Definition of digitization

Digitalization is the use of digital technologies to change a business model and provide new revenue and value-creating opportunities; it is the process of moving to a digital business. In the context of this definition, Gartner also says that only about 70 percent of companies entering the digital business will succeed. So far, the digital transformation has mastered those —Āompanies that consistently map their business processes to digital systems, while at the same time putting the benefits to their customers at the center and significantly increasing them.

It also means the seamless integration of partners, existing sources of information such as social media, Internet of Things and many more and even the actual customers themselves. Such integration of all factors involved often requires and requires new and innovative business models. which ultimately contribute to increasing customer value.

As a simple example Spotify or Netflix are here called – companies that provide their customers with a huge portfolio of digital music and films for a monthly fee for use. While Apple has already used IT to consistently map its sales and distribution processes to IT systems, these companies are also using a new business model.

If the above points are the key success aspects of a digital transformation, then a corporate definition of the term “digitization,” according to the F-Net Group, is as follows: Digitalization means increasing customer value by consistently mapping enterprise processes into digital systems, including them customers, partners, and new sources of information, which can usually only be achieved by innovating business models.

The core components of the digital transformation

Transformation: processes (“business processes”), technology (“digital systems”) and innovation (“innovative business models”). Only the combination of these three components leads to the greatest added value of digital transformations: significantly increased customer benefit. Figure 2 illustrates how the three components relate to each other.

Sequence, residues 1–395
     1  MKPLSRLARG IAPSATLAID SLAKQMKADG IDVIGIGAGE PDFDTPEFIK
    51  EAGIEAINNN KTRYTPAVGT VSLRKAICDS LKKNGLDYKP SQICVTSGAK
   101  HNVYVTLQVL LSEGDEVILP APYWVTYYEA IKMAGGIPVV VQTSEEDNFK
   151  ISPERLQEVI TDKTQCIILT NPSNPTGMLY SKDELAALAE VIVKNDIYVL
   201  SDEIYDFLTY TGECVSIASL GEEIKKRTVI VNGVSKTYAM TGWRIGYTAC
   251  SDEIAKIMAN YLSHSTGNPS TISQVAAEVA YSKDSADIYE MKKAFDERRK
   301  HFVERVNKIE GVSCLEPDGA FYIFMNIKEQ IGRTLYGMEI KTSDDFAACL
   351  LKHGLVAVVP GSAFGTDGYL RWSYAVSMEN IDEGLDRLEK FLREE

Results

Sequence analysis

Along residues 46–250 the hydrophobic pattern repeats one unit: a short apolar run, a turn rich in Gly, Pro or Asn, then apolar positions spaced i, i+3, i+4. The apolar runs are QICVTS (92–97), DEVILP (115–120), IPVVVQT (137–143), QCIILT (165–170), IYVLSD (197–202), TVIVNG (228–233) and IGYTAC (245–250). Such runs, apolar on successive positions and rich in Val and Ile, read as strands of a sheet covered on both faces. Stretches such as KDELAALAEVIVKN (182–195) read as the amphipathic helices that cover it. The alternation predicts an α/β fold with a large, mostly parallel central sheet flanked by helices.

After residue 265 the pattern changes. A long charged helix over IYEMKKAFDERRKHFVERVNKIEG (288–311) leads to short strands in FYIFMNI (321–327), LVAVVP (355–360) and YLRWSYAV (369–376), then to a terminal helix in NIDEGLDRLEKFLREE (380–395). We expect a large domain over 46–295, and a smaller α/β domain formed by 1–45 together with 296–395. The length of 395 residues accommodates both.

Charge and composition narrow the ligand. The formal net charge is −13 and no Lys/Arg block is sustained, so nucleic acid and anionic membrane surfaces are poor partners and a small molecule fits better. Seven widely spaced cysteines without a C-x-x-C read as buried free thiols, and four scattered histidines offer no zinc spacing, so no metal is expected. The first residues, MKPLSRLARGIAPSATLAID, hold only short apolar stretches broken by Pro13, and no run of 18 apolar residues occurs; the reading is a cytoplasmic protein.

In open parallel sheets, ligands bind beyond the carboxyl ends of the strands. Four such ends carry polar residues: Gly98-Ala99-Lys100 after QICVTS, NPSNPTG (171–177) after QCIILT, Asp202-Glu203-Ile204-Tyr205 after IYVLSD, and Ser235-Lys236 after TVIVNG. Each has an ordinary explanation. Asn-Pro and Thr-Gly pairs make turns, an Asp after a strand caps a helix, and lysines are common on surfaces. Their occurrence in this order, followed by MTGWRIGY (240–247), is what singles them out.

If one of these components is missing, there is a risk that no new or increased customer benefit will be created at the end – nothing new will be achieved. After all, we have seen the combination of two of the three elements in business process reengineering and automation projects in recent decades.

The House of Digital Business as a model template

They thought in advance about the “Big Picture”, the target image of their transformation. So far, there has not been a model for such digital transformations, which is why we are taking the first step in this direction with the House of Digital Business. The model should not be an exact blueprint, but show all important components of a digital business and put them in context.

The new value proposition stands at the top and forms the roof of the house. On the one hand, it is supported by innovative business models, products and services that are made available to the customer via app and via secure access wherever possible and at any time. On the other hand, the new value proposition is supported by the data generated by the customer in the use of the products and services offered as well as its networked end devices. More and more products today contain IT functionalities and generate or collect data. But many companies have yet to learn how to use this data. Pioneering work here, for example, the car manufacturer Volkswagen, which has something with the vehicle data of its customers, which the Internet giant Google does not have.

In the digital age, the company’s digital ecosystem must also go beyond its own enterprise IT. Existing external data sources and services from partners and other providers are shared to provide new services and apps to the customer. For example, the car rental company Hertz uses location-specific weather data to send customers an offer to upgrade their convertible to the smartphone at short notice if the weather permits.

The foundation of the House of Digital Business is the corporate culture, organization and governance necessary for digital transformation. Talking about the challenges of the digital transformation, IT and business decision makers have time and again confirmed to me that cultural change within the workforce is the greatest challenge of digital transformation. The long-standing practice of change management, ie working in the system, is supplemented or even replaced by change leadership, ie work on the system.